Wesleyan and the Black Lives Matter blasphemer

‘There is more than one way to burn a book’, wrote Ray Bradbury. Well, Wesleyan University’s ideological enforcers couldn’t possibly burn wrong-thinking publications (one must be an eco-friendly authoritarian, after all), so they found a green alternative: recycle them!

This is the news that students and administrators at the Connecticut university are ‘boycotting’ the Wesleyan Argus student newspaper for publishing an op-ed that was mildly critical of some aspects of the anti-police-brutality group Black Lives Matter (BLM). Their petition reads: ‘This boycott includes recycling the Argus and demanding [its] funds… be revoked.’ According to the op-ed’s author, Bryan Stascavage, hundreds of papers have already been stolen, some possibly burned or shredded.

To paraphrase a favourite movie of mine: You keep using that word, ‘boycott’. I do not think it means what you think it means.

So this looks bad. Really bad. But reason has not completely left college campuses yet. Stascavage has previously praised professors and students at Wesleyan for being open and challenging his conservative views: ‘[R]ather than trying to protect the ideological bubble around their classrooms, the professors are ecstatic when a view is brought up that is diametrically opposed to standard liberal beliefs.’

Most students on college campuses are open to opposing views and welcome ideological battle. And, despite the flurry of campus censorship of late, the forces of sanity have begun to break through. President Obama has spoken out (albeit hypocritically) about campus coddling, and reason prevailed at the University of Warwick this week when the students’ union lifted its ban on anti-Islamist campaigner Maryam Namazie.

Alas, the censorious still seem to drown out the sane. At Wesleyan and elsewhere, students (and sometimes administrators and faculty) cry ‘blasphemy!’ and demand the heads of unbelievers.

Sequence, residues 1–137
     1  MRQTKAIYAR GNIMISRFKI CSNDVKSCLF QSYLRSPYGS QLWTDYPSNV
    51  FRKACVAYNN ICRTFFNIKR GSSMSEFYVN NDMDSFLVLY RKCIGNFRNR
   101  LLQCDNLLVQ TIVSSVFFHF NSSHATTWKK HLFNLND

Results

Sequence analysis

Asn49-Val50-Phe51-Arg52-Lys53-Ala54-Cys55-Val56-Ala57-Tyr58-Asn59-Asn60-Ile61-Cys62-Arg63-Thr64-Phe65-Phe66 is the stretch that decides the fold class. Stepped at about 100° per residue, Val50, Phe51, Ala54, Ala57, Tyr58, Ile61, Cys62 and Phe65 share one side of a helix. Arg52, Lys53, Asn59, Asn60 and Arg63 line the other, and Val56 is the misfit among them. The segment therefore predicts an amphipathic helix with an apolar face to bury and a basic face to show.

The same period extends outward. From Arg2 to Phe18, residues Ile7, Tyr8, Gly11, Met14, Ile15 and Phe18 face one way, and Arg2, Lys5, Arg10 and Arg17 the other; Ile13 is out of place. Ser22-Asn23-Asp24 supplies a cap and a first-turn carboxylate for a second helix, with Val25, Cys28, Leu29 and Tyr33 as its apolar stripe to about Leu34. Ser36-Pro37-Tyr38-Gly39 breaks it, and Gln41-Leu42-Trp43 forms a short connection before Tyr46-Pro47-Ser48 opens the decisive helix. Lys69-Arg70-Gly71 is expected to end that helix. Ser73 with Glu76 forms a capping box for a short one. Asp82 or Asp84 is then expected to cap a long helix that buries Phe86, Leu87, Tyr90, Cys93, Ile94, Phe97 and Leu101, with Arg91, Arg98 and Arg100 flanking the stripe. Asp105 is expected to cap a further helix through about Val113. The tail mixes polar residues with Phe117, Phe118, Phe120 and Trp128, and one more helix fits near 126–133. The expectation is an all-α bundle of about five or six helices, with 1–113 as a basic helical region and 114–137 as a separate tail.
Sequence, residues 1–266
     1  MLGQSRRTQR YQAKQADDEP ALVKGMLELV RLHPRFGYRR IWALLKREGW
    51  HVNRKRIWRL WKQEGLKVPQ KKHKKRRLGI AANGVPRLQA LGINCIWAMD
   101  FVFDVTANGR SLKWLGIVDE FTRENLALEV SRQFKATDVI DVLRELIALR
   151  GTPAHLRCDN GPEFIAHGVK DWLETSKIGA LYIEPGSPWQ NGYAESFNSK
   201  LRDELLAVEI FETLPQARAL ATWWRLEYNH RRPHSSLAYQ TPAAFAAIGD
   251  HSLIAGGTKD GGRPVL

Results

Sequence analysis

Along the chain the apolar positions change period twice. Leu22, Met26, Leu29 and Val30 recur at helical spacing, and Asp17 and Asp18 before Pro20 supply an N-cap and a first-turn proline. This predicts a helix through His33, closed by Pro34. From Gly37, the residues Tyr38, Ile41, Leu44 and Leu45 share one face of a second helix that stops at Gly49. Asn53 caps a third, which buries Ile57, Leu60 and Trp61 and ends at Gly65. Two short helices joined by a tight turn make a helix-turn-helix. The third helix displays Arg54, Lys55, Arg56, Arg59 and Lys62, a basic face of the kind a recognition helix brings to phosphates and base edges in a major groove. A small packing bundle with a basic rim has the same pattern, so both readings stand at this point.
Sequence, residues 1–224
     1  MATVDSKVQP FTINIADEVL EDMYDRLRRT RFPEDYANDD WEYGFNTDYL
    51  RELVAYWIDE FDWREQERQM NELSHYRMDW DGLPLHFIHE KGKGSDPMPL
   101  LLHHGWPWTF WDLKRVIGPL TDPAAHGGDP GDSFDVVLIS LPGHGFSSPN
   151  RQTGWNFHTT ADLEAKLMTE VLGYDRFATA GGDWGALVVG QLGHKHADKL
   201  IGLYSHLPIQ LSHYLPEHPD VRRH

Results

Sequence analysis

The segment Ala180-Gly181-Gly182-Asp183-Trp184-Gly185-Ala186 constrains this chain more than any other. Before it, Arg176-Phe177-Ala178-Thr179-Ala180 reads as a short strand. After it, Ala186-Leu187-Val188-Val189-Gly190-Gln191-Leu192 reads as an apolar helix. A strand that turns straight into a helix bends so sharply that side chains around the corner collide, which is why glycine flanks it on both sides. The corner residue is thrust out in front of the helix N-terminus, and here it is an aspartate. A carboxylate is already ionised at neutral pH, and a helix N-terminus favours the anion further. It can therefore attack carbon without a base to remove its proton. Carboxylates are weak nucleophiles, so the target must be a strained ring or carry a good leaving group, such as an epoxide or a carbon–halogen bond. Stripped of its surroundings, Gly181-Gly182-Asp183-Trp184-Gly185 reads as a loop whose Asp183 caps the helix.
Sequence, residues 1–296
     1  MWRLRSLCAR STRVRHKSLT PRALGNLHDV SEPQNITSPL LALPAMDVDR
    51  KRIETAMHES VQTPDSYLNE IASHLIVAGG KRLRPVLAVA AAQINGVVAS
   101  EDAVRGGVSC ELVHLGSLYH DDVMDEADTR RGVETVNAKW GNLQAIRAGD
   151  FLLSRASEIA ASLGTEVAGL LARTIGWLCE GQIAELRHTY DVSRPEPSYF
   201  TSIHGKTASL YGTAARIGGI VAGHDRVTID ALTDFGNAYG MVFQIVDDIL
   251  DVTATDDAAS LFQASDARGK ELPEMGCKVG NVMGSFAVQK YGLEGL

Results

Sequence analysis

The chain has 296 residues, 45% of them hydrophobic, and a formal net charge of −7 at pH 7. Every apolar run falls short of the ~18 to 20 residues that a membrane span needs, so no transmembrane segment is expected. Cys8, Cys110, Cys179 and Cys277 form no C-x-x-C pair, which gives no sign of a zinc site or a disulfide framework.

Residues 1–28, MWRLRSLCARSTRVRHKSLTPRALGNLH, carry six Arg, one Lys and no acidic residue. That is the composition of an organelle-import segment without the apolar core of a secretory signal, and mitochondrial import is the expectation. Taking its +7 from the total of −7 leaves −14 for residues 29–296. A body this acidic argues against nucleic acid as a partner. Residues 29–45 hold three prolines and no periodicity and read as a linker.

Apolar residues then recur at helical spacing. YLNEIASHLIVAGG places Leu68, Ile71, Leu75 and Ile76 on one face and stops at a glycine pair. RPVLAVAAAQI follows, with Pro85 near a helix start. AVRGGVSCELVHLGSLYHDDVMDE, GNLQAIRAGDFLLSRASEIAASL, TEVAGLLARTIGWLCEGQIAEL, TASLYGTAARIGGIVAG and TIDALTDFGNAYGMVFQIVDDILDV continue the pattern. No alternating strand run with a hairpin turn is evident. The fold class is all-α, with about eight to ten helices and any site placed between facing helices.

Two things stick out here. First, as noted, the methods being used at Wesleyan are downright scary. Protesting views you disagree with is acceptable. But trying to stop yourselves and others from encountering views you disagree with undermines the purpose of a college education, and the battle of ideas that is so crucial to democracy. What’s more, arguing with views you disagree with makes you a sharper thinker; those boycotting the newspaper are mostly hurting themselves.

Demanding the withdrawal of a newspaper’s funding for airing a contrary opinion in an op-ed is despicable. But stealing and confiscating newspapers so others can’t read them is downright authoritarian. If that wasn’t enough, the petition called for ‘social justice/diversity training for all publications’ once a semester. This is mandatory ideological cleansing of the student press. It’s just plain wrong.

Second, going on Stascavage’s statements, he is clearly a moderate, even conciliatory, individual. In his article, he expresses support for BLM generally, asking merely whether different strategies and rhetoric might better advance its goals. He writes of BLM: ‘There is a reason why so many have shown up to protests across the country: there is clearly something wrong, and wrong enough to motivate them to exit their homes and express their frustration publicly. That is no small effort. The system is clearly failing many.’

Stascavage did not call BLM a terrorist group, or racist against whites, or a supporter of cop-killing. So why the venomous reaction?

My take is that this type of uproar is a symptom of cult politics. In a secular age, students channel the religious impulse into political causes. With zeal, students purge heretics, punish blasphemers and demand genuflection to their idols.

The campus left is a mirror image of the censorious religious right, but it derives its intolerance not from gospel, but postmodernism, critical theory, environmentalism and so-called anti-racism. The new orthodoxy is as fanatical as the old.

Alex Kasnetz is a law student at Duke University.

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